Liquor Privatization Initiatives Part 2: I-1100 and I-1105
Yesterday, schmudget featured a description of Washington’s current, state-run liquor control system. Today’s post examines two initiatives to appear on the November 2010 ballot – Initiatives 1100 and 1105 – that would privatize this system, allowing hard liquor to be sold in grocery stores, convenience stores, and other retail outlets.
I-1100 vs. I-1105
Table 1 highlights the different ways in which I-1100 and I-1105 would alter the current liquor control system in Washington State. As the table shows, both measures would privatize the wholesale and retail sale of hard liquor in Washington. This means that the state Liquor Control Board (LCB) would be required to shut down all state liquor stores and the distribution center. Instead, private wholesalers and retailers — which could include grocery stores, convenience stores, and other types of retail establishments — would be allowed to distribute and sell hard liquor to consumers, as they are currently allowed to do with beer and wine.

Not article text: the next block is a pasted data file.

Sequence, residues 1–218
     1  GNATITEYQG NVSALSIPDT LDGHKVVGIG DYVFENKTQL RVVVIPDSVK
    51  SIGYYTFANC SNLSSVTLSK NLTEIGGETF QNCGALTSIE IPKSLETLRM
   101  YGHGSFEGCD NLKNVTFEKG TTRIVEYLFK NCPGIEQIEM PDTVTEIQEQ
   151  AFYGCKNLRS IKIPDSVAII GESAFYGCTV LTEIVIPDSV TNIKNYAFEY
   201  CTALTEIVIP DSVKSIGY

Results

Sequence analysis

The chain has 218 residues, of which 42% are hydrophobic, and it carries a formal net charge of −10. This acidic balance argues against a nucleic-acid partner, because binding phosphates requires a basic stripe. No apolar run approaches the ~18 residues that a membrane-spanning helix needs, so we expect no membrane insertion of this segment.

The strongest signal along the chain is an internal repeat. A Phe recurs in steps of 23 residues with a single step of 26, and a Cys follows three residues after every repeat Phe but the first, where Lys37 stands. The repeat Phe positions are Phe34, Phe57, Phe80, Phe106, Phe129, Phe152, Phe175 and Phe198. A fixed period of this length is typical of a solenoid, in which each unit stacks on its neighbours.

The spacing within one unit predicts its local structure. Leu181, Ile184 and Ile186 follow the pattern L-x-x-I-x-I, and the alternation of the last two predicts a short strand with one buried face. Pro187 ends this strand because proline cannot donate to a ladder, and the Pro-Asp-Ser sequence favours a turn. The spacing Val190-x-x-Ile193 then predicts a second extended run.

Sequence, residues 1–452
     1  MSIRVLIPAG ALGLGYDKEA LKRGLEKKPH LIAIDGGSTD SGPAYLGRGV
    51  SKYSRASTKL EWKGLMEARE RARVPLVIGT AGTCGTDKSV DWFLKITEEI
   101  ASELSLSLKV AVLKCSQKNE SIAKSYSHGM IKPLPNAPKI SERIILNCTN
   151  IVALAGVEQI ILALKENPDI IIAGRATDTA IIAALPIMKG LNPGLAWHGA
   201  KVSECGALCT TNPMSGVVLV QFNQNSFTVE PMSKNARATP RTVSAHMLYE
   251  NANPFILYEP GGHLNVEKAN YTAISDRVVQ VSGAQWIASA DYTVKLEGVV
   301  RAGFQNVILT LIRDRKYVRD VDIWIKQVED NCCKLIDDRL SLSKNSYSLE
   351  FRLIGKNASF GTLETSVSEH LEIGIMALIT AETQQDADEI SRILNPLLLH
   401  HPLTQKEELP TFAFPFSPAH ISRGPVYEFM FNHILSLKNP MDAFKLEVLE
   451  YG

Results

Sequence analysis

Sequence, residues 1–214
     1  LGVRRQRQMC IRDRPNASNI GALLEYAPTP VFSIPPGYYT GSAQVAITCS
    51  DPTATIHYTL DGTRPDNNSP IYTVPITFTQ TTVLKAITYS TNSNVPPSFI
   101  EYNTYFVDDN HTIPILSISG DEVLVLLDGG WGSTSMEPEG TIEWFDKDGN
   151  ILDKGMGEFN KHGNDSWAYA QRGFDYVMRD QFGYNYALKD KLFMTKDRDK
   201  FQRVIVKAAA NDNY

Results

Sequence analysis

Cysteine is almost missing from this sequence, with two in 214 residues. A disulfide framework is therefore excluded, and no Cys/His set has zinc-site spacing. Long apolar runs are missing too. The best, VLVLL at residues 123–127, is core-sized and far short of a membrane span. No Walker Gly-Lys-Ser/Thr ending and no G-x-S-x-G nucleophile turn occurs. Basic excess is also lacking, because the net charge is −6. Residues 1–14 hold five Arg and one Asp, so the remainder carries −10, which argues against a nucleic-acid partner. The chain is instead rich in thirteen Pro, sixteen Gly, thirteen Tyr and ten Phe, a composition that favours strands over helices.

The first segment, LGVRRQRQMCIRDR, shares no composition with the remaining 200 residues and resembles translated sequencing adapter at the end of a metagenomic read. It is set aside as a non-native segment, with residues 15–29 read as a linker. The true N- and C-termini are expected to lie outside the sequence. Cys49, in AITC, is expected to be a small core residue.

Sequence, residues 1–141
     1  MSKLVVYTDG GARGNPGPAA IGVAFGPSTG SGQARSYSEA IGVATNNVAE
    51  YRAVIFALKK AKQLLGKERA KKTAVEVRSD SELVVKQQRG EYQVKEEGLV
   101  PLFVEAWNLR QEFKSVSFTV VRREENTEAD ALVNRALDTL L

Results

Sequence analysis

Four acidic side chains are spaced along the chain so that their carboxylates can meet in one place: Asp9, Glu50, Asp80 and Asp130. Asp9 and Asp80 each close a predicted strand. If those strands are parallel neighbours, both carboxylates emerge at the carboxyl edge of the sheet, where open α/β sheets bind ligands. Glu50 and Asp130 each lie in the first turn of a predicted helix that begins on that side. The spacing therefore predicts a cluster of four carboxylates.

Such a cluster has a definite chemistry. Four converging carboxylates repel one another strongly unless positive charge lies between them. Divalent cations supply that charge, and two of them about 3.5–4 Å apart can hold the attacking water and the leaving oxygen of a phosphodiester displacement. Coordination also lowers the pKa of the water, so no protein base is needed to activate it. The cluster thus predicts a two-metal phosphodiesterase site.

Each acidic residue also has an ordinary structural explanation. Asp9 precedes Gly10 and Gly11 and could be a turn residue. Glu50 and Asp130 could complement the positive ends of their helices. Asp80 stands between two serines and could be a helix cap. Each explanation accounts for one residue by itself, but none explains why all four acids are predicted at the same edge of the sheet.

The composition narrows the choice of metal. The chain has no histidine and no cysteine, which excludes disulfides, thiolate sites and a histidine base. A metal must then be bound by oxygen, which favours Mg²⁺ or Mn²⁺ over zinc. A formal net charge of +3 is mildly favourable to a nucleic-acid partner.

A prime beneficiary of I-1100 would be large or “big box” retailers that are able to buy and sell large quantities of retail goods at heavily discounted rates. The measure would effectively eliminate the three-tier system by repealing the uniform price requirement, the prohibition against bulk discounts, and other provisions of state law governing the sales of alcoholic beverages. As a result, big box retailers would be able to sell hard liquor, beer, and wine to consumers at lower prices compared to their smaller competitors.
Initiative 1105, on the other hand, would advantage beverage distribution companies. Rather than dismantling the three-tier system, the measure would expand it to include sales of hard liquor. The measure would retain the uniform price requirement and the prohibition against bulk discounts for purchases of beer and wine (bulk discounts on hard liquor would be allowed). As result, retail prices of alcoholic beverages would likely be higher and more uniform under I-1105 relative to what they would be under I-1100.
Tomorrow’s post will discuss potential long-term costs associated with increased consumption of hard liquor, along with the uncertain impact these measures would have on overall state resources.
For more information on I-1100 and I-1105 read the latest Budget & Policy Center policy brief, “2010 Initiatives Could Impact Public Services.”